Ohio is a state where you can get a no-fault or a fault divorce. The former means that you and your spouse are not blaming each other for the divorce – you simply don’t want to be together anymore. In a fault divorce, one spouse says the other one is at fault.
Whether you’re pursuing a no-fault or a fault divorce, you need to have a legal reason for the divorce. This is called “grounds for divorce.” The grounds for divorce have nothing to do with issues like property division or child custody. Instead, they simply state why you are getting divorced.
The following are the grounds for divorce in Ohio.
People who are getting a no-fault divorce may say they are incompatible. You may have fallen out of love and don’t want to be married anymore. This is a common reason for getting divorced.
If one spouse cheated on another, then this is grounds for divorce.
If your spouse is an alcoholic or a drug addict, then you can claim habitual drunkenness as the reason for wanting to get a divorce.
Extreme cruelty would apply if one spouse has been abusive towards the other and it’s unsafe or unhealthy for them to be together.
Gross Neglect of Duty
When you get married in Ohio, you need to be respectful, not engage in adultery, and support your spouse. If you do not, then the grounds for divorce could be gross neglect of duty. There must be an extreme case of someone failing to fulfill these marriage responsibilities.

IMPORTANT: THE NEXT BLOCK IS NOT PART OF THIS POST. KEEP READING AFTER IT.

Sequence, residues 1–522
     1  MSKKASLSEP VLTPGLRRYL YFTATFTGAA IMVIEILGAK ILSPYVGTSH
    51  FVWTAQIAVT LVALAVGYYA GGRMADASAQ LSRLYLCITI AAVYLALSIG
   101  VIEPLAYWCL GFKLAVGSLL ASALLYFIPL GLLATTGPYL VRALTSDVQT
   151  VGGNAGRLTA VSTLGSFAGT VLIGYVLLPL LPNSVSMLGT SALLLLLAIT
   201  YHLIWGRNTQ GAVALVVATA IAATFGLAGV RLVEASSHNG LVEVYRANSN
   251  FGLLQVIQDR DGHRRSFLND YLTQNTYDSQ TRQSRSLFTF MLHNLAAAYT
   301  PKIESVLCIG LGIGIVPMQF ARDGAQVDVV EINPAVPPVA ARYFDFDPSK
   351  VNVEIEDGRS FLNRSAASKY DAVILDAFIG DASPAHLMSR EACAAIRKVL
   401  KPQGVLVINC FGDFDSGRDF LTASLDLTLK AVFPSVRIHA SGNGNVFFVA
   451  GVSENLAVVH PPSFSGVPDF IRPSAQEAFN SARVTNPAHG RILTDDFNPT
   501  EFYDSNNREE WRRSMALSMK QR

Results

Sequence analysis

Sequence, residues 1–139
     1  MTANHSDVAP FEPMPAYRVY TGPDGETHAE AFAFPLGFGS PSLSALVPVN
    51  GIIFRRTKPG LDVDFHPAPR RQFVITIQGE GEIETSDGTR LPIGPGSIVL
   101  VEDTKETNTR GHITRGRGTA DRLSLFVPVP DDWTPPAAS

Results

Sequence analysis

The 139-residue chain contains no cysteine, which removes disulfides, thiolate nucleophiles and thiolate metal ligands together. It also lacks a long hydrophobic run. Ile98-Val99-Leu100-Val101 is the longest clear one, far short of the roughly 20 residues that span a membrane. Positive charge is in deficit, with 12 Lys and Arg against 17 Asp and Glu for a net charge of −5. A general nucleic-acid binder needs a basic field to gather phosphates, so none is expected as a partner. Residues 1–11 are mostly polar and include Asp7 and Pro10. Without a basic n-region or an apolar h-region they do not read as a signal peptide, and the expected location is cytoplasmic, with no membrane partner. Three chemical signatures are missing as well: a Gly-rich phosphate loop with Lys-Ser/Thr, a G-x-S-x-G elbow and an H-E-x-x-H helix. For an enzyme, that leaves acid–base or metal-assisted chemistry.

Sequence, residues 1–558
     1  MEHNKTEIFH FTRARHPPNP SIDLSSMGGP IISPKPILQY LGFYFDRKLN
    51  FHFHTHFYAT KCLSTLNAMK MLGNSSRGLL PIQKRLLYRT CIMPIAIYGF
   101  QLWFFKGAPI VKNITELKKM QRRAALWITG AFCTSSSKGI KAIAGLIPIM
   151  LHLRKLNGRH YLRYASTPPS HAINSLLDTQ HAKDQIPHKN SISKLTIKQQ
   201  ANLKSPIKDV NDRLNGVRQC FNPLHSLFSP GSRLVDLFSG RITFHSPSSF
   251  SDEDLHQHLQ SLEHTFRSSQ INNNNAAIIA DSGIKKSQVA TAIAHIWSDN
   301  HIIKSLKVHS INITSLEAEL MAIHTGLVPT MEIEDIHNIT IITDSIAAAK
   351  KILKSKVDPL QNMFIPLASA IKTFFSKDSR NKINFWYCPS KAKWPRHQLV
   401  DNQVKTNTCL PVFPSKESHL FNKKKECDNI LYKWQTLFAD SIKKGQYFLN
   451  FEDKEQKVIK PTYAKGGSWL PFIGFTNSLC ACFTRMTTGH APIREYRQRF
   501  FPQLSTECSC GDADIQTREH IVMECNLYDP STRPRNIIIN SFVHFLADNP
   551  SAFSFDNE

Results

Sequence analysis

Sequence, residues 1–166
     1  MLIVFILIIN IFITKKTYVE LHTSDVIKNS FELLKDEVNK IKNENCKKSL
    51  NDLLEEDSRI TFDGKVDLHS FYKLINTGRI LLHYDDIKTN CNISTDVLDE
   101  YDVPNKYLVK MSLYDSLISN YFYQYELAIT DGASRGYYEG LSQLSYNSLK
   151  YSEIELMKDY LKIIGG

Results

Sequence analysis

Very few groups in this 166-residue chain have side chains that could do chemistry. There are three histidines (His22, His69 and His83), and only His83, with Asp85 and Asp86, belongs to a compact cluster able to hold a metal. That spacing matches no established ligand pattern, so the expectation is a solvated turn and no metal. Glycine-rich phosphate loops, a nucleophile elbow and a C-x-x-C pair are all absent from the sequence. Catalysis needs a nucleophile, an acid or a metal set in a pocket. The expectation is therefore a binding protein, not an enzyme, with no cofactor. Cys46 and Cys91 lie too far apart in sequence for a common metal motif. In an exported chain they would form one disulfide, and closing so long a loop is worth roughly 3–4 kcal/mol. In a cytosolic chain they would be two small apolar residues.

You and Your Spouse Don’t Live Together
You and your spouse must have lived in separate places for at least a year in order for this to be considered grounds for divorce.
Marriage involves a contract. If your spouse forced you to get married or did not reveal essential information you should have known at the time of your marriage, then you could claim a fraudulent contract as grounds for divorce.
Divorce vs. Dissolution
You may be wondering: What’s the difference between divorce and dissolution?
While divorce may include fault grounds for divorce, dissolution does not. It’s kind of like no-fault divorce. If you and your spouse agree on all the issues like how you’ll split your property, child custody, spousal support, etc., then you can go to the court and ask for a dissolution of your marriage. A hearing will need to take place within 30 to 90 days of your filing for a dissolution. You and your spouse will need to appear in court and say that you agree to the terms of the dissolution. Once the court approves it, your marriage officially ends.
Getting a Divorce Lawyer
No matter what kind of divorce you’re pursuing – or what grounds for divorce you’re dealing with – it’s helpful to hire a divorce lawyer who can be in your corner at this time. They will represent your best interests so that you have the best chance of getting what you need out of the divorce. Making sure you have legal support is key when ending your marriage.
Contact Richard P. Arthur
Richard P. Arthur, Attorney at Law, can assist you with divorce issues in Ohio. You can call 937-254-3738 for a consultation. He has more than three decades of experience helping clients in Dayton and Trotwood, as well as Montgomery, Greene, Miami, Clark, and Warren counties.